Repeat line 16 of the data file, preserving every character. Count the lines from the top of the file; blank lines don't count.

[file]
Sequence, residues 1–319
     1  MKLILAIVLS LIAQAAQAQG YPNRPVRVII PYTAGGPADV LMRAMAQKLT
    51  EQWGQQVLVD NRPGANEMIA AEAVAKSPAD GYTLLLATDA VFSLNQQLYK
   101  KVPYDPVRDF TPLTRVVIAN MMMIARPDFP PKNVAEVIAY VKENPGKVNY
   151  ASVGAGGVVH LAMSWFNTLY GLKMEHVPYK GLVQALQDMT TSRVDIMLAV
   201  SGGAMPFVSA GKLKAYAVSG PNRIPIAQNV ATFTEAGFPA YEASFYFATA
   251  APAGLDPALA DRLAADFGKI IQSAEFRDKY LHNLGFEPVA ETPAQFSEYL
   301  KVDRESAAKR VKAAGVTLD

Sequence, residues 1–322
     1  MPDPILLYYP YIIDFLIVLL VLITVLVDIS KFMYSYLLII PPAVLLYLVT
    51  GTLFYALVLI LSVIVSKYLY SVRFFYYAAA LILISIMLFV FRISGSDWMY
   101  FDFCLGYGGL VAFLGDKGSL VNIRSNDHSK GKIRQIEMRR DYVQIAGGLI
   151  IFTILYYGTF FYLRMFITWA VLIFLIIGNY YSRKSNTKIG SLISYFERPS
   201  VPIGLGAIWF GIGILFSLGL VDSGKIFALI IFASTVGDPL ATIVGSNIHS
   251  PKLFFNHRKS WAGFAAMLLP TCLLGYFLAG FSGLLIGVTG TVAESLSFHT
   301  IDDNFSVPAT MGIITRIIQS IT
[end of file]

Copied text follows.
   301  IDDNFSVPAT MGIITRIIQS IT